The key difference between child and animal custody cases, however, is that in the former, the welfare of the child is paramount, whereas the animal’s interest rarely has a bearing. The letter of state law in all 50 states is stark on the subject — a pet is property, “chattel,” more like a piece of furniture than a family member. To arrange joint custody for a dog is legally equal to arguing a visitation schedule for a sofa, and many judges apply the law literally, concerned not to burden the courts with yet more custody arrangements to monitor. But then other judges, often pet owners themselves, understand the emotional difference between relating to a dining table and relating to a dog. And increasingly, these judges have ruled to protect this relationship.
That bodes well for Sandra Toye, one of a growing number of lawyers in the relatively young field of animal law, whose mission it is to enhance the legal status not merely of pets, but of all animals.
In her office on Melrose and Vine, Toye’s pet rats scurry about on her desk, up her arms and around her shoulders. “I’m not some animal rights nut,” she says, extricating a rodent from her hair. “I’m level-headed, I’m conservative, I eat meat. But I’m on a mission to show that animals have value in excess of their replacement value.”
In the interests of animals — always a pre-condition with Toye — she has fought and won dozens of custody disputes in recent years, earning fees of up to $100,000 at a time. (Pet custody is not a poor person’s sport). Toye relishes a fight. When her client’s cat was stolen by an ex-boyfriend — who then claimed that the cat had run away — she secretly staked out his house for weeks, shooting video of the cat going in and out, and she threatened him with hefty emotional distress lawsuits until he buckled.
More recently, she won custody of a border collie named Pepperoni for her client, Larry. The fallout here was not between Larry and his wife, but between Larry’s wife and Pepperoni’s breeder, Bridget, who once had been good friends. Two years prior, Bridget had given Pepperoni to Larry’s wife without any exchange of money or signing of contracts. Then when things went sour, she snatched Pepperoni back again, by force, at a dog show, claiming that the dog was in fact hers.
Though not a divorce case, Toye employed many of her custody arguments, such as using property law to her advantage. “My argument was that if this dog was proved to belong to my client,” she says, “then I needed to ensure that it retained its value.” It’s an argument that might apply to family heirlooms or works of art, which require specific maintenance. So in Pepperoni’s case, she employed evaluators to compare the living conditions of Bridget, who kept 50 other dogs in her house, to those of Larry, who keeps seven, all of which he competes in herding trials. Vets also were marshalled to their cause.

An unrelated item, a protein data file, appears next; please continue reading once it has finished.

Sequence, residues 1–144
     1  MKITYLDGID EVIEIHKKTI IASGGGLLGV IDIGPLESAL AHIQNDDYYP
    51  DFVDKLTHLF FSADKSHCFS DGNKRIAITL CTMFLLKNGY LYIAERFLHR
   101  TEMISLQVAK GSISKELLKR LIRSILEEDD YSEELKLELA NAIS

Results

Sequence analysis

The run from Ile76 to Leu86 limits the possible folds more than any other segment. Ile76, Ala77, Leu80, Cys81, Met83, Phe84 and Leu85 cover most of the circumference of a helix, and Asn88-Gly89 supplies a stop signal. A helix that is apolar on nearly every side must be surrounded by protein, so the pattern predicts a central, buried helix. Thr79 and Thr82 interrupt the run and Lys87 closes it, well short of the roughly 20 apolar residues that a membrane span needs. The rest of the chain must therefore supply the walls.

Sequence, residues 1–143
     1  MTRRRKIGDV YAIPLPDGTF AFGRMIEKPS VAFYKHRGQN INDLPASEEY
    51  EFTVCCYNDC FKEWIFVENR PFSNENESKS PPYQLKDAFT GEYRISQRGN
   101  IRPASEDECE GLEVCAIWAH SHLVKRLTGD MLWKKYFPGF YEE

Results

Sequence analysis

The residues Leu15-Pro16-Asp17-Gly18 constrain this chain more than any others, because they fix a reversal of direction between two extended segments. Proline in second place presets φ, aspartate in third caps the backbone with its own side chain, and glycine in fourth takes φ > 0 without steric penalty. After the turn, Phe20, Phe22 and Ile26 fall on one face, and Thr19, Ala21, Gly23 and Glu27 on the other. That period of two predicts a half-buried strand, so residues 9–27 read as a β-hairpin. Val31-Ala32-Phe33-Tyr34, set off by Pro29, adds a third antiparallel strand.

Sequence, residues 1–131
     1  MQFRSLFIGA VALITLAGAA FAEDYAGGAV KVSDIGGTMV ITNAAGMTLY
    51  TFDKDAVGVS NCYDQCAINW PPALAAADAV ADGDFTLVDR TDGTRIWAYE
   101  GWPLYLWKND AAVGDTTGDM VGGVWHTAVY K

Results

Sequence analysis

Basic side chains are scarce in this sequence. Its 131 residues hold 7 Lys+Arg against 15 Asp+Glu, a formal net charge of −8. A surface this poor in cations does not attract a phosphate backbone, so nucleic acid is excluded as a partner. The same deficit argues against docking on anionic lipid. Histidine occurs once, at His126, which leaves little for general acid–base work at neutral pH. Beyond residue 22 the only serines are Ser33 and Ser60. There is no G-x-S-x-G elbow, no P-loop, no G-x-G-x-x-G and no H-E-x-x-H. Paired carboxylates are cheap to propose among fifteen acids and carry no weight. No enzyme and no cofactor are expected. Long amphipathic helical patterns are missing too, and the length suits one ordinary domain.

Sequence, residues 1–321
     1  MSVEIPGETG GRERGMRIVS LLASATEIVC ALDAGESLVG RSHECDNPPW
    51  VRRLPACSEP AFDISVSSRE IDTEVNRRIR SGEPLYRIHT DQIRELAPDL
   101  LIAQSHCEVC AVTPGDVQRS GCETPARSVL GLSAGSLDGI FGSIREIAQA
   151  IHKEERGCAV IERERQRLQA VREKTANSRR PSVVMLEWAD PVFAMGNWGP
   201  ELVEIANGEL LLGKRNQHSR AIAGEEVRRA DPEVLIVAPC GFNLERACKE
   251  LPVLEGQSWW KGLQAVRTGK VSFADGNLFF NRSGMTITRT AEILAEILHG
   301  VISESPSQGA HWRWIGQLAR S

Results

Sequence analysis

“I claimed he was a showdog even though really he wasn’t,” says Toye. “We wanted to take the case to a superior court, a court of unlimited jurisdiction, so we had to prove that damages are in excess of $25,000.” And after eleven months, and $50,000 of legal fees, Bridget conceded and returned Pepperoni to Larry for good.
“I know it was financially dumb,” says Larry, “but my mindset all along was ‘We’re not going to let the bastard’s win.’ This is an animal that I love. I have no children, so [my dogs] are all my friends, my family, my teammates. To steal someone like that out of my house is emotionally devastating.”
The disconnect between the law and Larry’s heartbreak is symptomatic of the inconsistencies that bedevil animal law in general. For instance, while Pepperoni is the legal equivalent of a sofa, he is nonetheless protected by anti-cruelty laws. Of course, Pepperoni is a sentient being, capable of experiencing cruelty in a way that a sofa is not, but then – the inconsistencies continue – why should “food” animals, who are as feeling and emotionally alive as Pepperoni, be for all practical purposes exempt from cruelty legislation? These discrepancies go to the heart of society’s schizophrenic attitudes towards animals.
“If you took a dog,” argues Cory Evans, an attorney from San Francisco, “and you pumped a pound of food into its stomach every three seconds, four times a day, for three weeks until the dog was so diseased it couldn’t move to defend itself from rats eating it alive, then people would lose their minds. But do it to a ‘food’ animal to make foie gras and people aren’t so shocked.”